U of L iGem teams gear up for international competition with early successes

Despite the current COVID-19 crisis, funding insecurities and campus closures, Canadian iGEM teams came together October 3 & 4 to celebrate synthetic biology and science innovation.

The University of Lethbridge and Lethbridge High School iGEM teams were two of 10 teams from across Canada to participate in the inaugural event. This year, only five Canadian teams are moving on to participate in the International Genetically Engineered Machines Giant Jamboree virtual competition, including both Lethbridge teams. The high school entry will be the only Canadian high school participating.  

The conference started with a welcome address from Dr. Bettina Hamelin from Ontario Genomics, and included many workshops and fireside chats on how students can communicate their scientific work and create a start-up from their project. Many judges and speakers were from North American biotech companies, and were able to share their personal journey towards success with the students.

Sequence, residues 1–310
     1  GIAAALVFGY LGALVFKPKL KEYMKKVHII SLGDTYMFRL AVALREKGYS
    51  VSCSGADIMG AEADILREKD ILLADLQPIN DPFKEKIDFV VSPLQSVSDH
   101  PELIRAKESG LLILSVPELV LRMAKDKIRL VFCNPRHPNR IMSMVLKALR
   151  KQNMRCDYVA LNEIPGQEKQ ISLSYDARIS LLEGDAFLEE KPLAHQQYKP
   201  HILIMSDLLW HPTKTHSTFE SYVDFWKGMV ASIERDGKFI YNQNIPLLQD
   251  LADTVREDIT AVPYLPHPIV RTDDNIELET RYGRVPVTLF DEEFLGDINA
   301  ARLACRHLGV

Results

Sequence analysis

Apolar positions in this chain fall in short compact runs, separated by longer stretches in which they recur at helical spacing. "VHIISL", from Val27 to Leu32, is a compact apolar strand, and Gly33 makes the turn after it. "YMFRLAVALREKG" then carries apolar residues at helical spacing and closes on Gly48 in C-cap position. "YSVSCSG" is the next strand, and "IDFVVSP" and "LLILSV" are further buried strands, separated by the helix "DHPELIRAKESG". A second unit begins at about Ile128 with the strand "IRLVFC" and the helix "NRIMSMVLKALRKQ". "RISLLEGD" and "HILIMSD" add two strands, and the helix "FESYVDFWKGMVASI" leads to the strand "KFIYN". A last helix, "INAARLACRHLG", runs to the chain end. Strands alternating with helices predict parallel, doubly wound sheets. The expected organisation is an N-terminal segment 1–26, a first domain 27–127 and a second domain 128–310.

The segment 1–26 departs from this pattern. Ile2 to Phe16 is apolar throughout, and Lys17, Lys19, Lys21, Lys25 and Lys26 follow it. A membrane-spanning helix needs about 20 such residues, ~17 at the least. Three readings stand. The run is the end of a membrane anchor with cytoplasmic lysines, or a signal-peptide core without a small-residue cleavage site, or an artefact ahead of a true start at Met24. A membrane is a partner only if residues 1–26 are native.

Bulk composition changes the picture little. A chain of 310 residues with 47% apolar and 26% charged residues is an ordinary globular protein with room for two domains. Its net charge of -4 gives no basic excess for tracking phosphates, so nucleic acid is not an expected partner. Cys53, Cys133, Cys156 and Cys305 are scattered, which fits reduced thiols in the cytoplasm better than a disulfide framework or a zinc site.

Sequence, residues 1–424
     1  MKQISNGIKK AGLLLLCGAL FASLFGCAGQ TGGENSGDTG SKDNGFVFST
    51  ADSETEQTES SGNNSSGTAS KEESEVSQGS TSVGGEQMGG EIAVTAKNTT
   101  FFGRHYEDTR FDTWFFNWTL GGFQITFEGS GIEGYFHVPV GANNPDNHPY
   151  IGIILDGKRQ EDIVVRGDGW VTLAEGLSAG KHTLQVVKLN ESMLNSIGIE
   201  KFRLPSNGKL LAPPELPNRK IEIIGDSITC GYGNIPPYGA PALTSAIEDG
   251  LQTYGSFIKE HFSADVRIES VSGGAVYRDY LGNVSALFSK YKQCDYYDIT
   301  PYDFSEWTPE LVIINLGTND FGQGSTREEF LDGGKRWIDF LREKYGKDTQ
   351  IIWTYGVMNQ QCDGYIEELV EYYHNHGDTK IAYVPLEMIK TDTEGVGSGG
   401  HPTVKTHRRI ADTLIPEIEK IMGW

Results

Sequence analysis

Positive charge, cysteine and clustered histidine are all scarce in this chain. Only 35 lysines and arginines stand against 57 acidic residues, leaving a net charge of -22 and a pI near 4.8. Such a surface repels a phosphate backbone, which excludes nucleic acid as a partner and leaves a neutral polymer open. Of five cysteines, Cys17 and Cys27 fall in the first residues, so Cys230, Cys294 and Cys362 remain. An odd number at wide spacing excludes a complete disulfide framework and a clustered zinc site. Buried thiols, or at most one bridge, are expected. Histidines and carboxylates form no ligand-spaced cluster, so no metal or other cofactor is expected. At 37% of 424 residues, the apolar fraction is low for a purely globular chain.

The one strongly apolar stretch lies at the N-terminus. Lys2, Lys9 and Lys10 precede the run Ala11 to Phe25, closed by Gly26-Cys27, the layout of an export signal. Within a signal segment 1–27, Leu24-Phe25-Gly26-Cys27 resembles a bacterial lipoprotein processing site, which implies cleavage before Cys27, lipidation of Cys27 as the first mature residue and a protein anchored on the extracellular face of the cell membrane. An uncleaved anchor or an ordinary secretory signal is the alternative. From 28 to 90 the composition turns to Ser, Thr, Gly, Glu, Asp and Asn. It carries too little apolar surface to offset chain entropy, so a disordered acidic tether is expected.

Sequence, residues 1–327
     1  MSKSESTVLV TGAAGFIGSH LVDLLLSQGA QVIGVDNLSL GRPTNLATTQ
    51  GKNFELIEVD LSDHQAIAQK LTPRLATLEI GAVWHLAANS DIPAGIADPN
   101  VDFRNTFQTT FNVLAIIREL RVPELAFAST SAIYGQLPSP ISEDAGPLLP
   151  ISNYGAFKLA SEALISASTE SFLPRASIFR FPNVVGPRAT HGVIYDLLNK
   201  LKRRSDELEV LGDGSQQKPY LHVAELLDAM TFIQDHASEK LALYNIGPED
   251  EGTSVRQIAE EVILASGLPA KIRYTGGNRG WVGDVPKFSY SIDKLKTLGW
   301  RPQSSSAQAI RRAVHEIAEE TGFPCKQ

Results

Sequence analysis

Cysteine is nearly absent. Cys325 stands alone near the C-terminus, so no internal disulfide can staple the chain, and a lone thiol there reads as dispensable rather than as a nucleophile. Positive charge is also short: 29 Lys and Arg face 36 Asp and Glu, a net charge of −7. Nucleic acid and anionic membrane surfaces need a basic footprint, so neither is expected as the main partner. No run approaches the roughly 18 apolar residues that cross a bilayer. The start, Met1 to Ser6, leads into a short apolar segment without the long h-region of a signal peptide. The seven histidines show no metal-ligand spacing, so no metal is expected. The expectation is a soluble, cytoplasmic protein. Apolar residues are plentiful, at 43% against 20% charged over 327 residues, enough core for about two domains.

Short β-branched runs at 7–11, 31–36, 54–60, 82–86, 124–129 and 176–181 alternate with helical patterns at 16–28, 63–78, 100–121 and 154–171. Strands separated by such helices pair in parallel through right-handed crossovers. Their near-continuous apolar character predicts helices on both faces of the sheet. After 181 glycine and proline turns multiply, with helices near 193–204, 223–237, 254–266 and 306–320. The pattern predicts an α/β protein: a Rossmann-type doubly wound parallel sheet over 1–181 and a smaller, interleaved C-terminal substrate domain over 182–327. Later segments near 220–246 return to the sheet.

The U of L team presented its “FRIGEM” project which focuses on making local potatoes more resistant to fungus infections while increasing the nutritional value of potatoes and all their “fried” successor products. The judges at cGEM awarded the U of L project a silver medal.

“Presenting our project at cGEM and getting feedback from the judges was a great opportunity for our team to gain experience and will help us improve our project for the Giant Jamboree,” says Emily Hagens, a neuroscience student at the U of L.

The high school team's project, tPECTIN-ACE, aims to make at-home composting as efficient as possible by engineering an enhanced pectin-degradation enzymatic pathway. As the only high school team to participate in the conference and competing against solely university teams, the Lethbridge group was was thrilled with its bronze medal standing.

“It was a good experience getting feedback. Talking to other iGEM teams and judges was super valuable. It will really help us to prepare for the giant jamboree,” says Linda He, a grade 12 student from Chinook High School.

With the current global situation, it is clear the impact science and research can have on our society. The iGEM program is a great way of introducing young people to science, technology, engineering and math, while empowering students to engage with real-world local and global problems.

To support the Lethbridge high school iGEM team, please consider donating to our GoFundMe.

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Follow the teams on social media:

Instagram @lethbridgehsiGEM/@uleth.igem

Facebook @lethbridgehsiGEM/@LethbridgeiGEM

Twitter @LethHS_iGEM/@LethbridgeiGEM